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Logistical Aircraft gets patent for Control System Protocol

Sydney Curtis, CEO of Logistical Aircraft Company of North Carolina (LAC), has received a patent for a new protocol that could standardize flight control management systems in the future, and significantly reduce training costs for the aviation industry as a whole.


October 21, 2015
By Logistical Aircraft

The U.S. Patent and Trademark Office approved Curtis’s patent application on September 8, 2015. Known as the Curtis Protocol, the flight control management system provides an interface that standardizes the division and selection of aircraft flight regimes and flight modes within the selected flight regimes.

Curtis, who designed The Curtis Protocol, said the technology will help pilots manage the two flight regimes–forward flight and vertical flight–by utilizing modern digital flight control management systems in a standardized format that will reduce pilot workload and the possibility of confusion in the cockpit.

“Aviation, and in particular piloting, has a strong, ingrained culture brought about by the very nature and evolved similarity of the various aircraft types,” Curtis said. “The Curtis Protocol provides a remedy to crew training and safety problems with a standard pilot interface that pilots will not find strange or counterintuitive.”

The Curtis Protocol incorporates a Control Mode Selector (CMS) that enables the pilot to tell the aircraft to enter a given operational regime via the systems logic of the particular type.  A Vertical Velocity Control (VVC) operates only for vertical operation and deploys automatically when called for with these selections from the CMS and dispenses with the helicopter “collective” and twist throttle control.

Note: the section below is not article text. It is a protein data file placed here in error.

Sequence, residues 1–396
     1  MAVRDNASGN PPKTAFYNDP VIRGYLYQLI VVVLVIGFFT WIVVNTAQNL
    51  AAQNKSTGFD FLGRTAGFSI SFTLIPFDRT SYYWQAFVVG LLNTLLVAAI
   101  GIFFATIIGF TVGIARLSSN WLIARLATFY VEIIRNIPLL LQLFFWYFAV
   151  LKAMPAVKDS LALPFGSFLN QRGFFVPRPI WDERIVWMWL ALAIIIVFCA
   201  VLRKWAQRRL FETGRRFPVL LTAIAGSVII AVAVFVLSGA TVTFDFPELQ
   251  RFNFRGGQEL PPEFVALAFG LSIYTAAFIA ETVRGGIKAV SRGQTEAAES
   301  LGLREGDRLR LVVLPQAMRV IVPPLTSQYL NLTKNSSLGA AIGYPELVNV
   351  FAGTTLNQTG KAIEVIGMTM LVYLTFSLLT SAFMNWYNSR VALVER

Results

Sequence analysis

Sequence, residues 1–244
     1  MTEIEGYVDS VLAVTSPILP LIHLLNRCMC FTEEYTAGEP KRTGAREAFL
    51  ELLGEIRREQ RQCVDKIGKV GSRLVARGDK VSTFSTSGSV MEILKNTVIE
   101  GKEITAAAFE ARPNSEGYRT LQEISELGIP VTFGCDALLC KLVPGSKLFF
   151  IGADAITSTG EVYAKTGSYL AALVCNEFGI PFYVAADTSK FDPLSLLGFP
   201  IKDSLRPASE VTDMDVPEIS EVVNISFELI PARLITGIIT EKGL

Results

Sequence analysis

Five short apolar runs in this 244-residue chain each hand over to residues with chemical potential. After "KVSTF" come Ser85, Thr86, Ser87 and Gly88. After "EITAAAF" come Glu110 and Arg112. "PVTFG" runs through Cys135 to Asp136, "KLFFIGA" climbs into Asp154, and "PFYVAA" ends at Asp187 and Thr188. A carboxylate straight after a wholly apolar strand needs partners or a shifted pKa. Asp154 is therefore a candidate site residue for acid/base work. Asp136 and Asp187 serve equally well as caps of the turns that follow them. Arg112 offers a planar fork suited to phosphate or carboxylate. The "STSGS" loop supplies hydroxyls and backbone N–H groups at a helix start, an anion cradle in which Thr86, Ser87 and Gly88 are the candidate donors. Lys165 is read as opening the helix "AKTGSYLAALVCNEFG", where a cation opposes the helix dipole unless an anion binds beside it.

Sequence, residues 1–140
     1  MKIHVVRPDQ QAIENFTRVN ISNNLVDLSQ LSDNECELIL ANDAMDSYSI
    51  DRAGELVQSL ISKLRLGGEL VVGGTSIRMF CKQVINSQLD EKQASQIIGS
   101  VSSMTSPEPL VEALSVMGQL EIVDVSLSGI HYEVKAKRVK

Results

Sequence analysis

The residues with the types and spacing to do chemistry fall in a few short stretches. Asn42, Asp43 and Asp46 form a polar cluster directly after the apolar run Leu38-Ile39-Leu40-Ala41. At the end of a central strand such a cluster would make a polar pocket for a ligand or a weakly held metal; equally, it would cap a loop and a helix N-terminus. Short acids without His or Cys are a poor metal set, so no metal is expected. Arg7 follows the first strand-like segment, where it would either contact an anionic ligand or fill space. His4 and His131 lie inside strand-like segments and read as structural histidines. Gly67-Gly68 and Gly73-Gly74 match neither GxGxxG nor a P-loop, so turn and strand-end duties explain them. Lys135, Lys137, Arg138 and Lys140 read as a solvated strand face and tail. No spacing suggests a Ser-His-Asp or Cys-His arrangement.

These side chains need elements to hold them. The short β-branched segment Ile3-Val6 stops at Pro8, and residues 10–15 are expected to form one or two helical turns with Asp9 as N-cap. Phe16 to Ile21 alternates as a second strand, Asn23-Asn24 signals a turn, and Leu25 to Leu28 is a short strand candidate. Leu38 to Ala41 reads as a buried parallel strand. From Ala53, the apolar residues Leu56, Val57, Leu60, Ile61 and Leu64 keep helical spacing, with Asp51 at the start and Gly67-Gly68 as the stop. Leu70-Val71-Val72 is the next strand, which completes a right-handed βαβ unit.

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Curtis said the protocol is not intended to change aviation culture, but to help pilots manage the two regimes of forward flight and vertical flight at a time when the concept of multi-role aircraft could gain acceptance as airlines and airports look for cost-effective ways of dealing with increasing airport traffic and make the future growth of rural air service financially viable.

“As the need for multi-role aircraft increases to meet future demands, so will the need for pilots who can switch safely and efficiently from one aircraft to another,” Curtis said. “The protocol will drastically reduce the amount of pilot training required to obtain qualifications in multi-role aircraft. This will result in a huge cost savings for the military and commercial aviation arenas.

Formed in June 2015, Logistical Aircraft Company consists of a group of seasoned aircraft industry veterans with dreams for a new generation of aircraft – one that flies and lands like a conventional aircraft, can use a loading bridge, and is extremely fast. Plans are underway to build a prototype of just such an aircraft, the SC-1.

The SC-1 is a short- to long-range multi-role aircraft, with the ability to make vertical take offs and landings on a regular basis to meet mission requirements. The SC-1 is a fixed wing aircraft, turbo-fan powered, with four identical fixed wings.